mersenneforum.org > Math Twin primes expected first k formula
 Register FAQ Search Today's Posts Mark Forums Read  2008-03-08, 07:45 #1 robert44444uk   Jun 2003 Oxford, UK 3·661 Posts Twin primes expected first k formula I am having problems trying to find an empirical formula to calculate the expected k value of the first twin prime for a given n in k*2^n+/-1. Can anyone help?   2008-03-08, 20:33   #2
m_f_h

Feb 2007

1101100002 Posts Quote:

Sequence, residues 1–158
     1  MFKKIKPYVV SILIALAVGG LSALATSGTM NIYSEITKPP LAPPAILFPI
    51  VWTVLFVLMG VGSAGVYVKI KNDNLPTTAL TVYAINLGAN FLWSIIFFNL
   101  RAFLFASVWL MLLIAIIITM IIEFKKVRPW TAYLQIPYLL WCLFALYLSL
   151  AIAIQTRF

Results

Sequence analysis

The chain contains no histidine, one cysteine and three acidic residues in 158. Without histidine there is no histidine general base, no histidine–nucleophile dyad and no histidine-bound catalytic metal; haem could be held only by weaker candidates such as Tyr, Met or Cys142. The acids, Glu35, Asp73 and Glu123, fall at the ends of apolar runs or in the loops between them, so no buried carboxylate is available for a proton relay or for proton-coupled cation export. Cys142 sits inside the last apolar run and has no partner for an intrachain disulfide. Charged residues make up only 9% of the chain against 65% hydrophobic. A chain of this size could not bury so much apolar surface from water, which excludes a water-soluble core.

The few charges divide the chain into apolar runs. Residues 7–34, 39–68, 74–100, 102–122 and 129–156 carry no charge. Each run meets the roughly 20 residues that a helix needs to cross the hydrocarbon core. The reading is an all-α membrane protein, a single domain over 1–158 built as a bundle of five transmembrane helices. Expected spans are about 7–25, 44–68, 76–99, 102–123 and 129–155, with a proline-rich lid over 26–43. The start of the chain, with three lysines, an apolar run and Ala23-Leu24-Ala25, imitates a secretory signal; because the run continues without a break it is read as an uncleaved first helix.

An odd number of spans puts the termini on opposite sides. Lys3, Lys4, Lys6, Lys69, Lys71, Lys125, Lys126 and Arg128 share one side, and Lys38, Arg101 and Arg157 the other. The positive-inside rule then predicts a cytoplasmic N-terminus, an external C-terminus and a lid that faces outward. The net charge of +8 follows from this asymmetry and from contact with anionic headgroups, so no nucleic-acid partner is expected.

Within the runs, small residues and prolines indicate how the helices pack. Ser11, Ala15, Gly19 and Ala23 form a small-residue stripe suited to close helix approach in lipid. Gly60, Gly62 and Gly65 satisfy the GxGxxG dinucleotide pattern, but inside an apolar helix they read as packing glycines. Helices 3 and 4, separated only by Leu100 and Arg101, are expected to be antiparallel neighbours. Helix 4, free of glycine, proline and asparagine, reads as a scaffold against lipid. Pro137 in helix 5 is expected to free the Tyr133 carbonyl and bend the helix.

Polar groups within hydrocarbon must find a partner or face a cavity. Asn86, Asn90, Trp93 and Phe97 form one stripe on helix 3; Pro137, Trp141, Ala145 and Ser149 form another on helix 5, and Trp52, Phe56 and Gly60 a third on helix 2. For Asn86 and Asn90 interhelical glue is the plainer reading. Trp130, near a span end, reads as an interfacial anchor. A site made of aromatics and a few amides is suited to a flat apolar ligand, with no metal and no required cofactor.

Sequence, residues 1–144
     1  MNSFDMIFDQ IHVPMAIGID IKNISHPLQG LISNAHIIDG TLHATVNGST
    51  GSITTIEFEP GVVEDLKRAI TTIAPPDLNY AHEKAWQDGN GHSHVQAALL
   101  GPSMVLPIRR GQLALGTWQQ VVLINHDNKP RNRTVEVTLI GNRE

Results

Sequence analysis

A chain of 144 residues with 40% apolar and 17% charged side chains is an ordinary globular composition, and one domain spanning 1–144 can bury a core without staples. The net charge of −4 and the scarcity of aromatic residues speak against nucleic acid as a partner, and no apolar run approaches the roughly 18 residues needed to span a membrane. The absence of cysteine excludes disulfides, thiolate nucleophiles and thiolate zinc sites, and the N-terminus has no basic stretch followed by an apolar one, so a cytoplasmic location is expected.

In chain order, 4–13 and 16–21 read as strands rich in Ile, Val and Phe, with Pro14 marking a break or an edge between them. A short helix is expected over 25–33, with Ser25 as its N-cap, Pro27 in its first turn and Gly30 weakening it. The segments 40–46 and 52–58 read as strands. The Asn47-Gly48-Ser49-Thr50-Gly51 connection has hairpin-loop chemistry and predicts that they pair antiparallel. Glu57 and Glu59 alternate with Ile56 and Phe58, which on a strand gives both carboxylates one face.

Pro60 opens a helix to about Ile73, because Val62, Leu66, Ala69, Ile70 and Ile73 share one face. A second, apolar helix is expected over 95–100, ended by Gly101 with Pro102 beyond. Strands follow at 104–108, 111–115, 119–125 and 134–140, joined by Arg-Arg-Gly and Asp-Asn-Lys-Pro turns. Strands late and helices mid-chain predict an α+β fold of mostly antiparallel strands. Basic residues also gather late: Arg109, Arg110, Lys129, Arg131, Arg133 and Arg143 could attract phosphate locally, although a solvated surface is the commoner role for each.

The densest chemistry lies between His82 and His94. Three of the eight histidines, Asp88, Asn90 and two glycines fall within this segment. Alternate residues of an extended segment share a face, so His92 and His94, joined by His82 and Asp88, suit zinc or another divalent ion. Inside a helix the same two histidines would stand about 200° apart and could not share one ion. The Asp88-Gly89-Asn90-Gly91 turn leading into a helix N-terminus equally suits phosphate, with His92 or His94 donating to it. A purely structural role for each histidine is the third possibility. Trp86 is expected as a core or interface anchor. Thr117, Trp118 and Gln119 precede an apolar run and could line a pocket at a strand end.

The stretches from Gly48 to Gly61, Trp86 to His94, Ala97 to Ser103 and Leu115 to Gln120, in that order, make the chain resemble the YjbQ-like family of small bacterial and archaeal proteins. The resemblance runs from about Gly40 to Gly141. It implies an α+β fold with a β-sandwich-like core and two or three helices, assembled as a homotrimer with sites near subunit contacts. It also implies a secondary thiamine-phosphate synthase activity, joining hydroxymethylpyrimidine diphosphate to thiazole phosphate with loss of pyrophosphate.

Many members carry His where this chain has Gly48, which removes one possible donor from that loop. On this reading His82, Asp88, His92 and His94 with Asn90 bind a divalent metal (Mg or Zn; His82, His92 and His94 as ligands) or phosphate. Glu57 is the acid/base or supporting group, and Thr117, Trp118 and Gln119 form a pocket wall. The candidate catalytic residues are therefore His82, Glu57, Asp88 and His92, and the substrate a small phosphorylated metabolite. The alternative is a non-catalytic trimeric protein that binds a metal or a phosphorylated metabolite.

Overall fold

Originally Posted by robert44444uk I am having problems trying to find an empirical formula to calculate the expected k value of the first twin prime for a given n in k*2^n+/-1. Can anyone help?
seems at least highly nontrivial to me...
but I don't know if the specification of the problem is sufficiently precise...
what does "expected" mean here ?